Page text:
Do you jump out of bed every morning and rush to a job you love? Or is your work just a way to pay the bills? Whether you are a seasoned professional in search of a career change or just starting out, let This book guide you to more engaging, fulfilling work. Based on breakthrough techniques developed by the author’s award-winning career coaching organization, Rockport Institute, This book has changed the lives of thousands.
This completely revised and updated new edition offers more than fifty self-tests, diagnostic tools, and the acclaimed Rockport Career Design Method to help you choose an entirely new career, an entrepreneurial path, or the ideal job in your present field. You’ll learn:
• How to design your new career step-by-step—a realistic, attainable career that fits your talents, personality, goals, and interests — a new career you will love.
• How to deal successfully with the “Yeahbut” negative thoughts and obstacles that keep you going back to the same old ill-fitting job, day after day.
• How to land the perfect job in your new field using personal marketing and networking (even for those who hate to network).
At once comprehensive, insightful, practical, and empowering, This book will be your personal career coach, expertly guiding you through the process of moving forward from your present uncertainty to designing a career that fits you elegantly, perfectly, like a custom-made suit.
This book contains inquiries as a way to generate clues about what is important to you. These inquiries are tools that provide a useful way to ask good questions and choose definite components and elements of your future work. Here's the first.
Remember back to your childhood, back to the beginning of the journey. Remember your childhood visions of the future.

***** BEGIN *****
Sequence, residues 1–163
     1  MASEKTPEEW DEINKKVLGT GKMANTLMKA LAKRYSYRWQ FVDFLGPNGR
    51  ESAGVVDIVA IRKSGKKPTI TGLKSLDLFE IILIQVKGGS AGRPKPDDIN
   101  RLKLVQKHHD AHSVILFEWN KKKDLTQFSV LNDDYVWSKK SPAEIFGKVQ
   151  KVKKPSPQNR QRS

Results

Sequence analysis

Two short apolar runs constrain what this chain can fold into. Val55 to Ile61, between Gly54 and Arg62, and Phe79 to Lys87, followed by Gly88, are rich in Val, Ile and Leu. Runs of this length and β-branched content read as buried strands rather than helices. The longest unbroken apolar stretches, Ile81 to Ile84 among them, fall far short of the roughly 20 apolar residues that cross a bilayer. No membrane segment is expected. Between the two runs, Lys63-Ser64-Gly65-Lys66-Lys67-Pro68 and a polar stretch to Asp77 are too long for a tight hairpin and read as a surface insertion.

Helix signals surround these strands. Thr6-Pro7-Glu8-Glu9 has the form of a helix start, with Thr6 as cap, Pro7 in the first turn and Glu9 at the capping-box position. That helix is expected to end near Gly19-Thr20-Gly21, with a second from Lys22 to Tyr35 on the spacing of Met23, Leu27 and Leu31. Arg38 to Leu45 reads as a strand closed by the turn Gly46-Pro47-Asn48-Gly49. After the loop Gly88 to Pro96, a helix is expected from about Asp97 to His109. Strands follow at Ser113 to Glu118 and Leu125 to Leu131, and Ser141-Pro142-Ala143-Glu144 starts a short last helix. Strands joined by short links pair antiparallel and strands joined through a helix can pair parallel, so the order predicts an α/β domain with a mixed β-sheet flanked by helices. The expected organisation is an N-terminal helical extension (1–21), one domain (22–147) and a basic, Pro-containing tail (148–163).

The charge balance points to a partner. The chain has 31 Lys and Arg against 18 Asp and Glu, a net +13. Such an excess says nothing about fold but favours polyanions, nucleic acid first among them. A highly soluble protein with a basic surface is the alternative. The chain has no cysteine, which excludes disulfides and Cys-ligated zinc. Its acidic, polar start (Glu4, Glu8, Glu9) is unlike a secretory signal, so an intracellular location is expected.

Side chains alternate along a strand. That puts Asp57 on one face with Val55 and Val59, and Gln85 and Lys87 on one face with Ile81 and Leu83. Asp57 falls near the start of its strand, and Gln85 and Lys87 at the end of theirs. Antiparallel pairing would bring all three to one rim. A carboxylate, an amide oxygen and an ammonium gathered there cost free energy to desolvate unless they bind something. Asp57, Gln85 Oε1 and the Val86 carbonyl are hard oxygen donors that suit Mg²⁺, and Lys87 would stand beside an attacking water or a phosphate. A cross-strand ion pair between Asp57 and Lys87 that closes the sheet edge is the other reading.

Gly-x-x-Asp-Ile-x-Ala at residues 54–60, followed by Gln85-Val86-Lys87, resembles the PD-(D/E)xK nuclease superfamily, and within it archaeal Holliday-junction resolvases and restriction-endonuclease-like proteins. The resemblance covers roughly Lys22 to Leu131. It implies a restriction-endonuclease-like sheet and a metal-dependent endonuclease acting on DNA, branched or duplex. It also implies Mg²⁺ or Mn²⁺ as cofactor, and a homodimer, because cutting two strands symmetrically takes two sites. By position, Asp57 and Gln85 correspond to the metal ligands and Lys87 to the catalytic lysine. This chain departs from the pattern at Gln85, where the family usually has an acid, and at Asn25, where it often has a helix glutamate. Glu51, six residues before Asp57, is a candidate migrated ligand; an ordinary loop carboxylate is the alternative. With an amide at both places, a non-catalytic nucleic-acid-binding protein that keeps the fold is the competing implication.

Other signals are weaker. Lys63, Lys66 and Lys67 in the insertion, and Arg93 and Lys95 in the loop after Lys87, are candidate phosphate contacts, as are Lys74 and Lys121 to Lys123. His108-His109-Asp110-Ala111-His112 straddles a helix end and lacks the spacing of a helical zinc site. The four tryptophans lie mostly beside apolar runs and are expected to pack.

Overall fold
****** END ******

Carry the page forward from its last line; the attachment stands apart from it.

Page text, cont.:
What were those dreams? What were those wild fantasies of yours? What seemingly perfect careers did you imagine as you were growing up?
How did you feel when you imagined yourself in the midst of one of these fantasies? Feel now what it felt like then.
If you were like most of us, you dreamed of an exciting future where you were passionately engaged in life. Perhaps you dreamed of being a rock star or a professional athlete, a detective, of the first empress of the galaxy. You might have envisioned yourself as a brilliant surgeon, as an artist, or swinging from a vine over a bottomless chasm. Wiser now, you might smile at the naivete of childhood dreams. Your vision may not have been reasonable or practical, but it was certainly passionate. It put you in the midst of a life that was fully lived.
How well does the word "work" fit with your childhood dream job? Doesn't it seem strangely out of place? The way these fantasies usually occur seems to fit better into the category of "adventurous vacation" or "getting paid to play". Our dream jobs are more play than work. When people dream of being a lawer, they aren't thinking about being buried under endless piles of deadly dull paperwork or having to defend an unscrupulous client. In our dreams of being a fireman, we are fighting the fire, not repacking the hoses or passing long nights in the firehouse playing endless games of pinochle with two cards missing from the deck.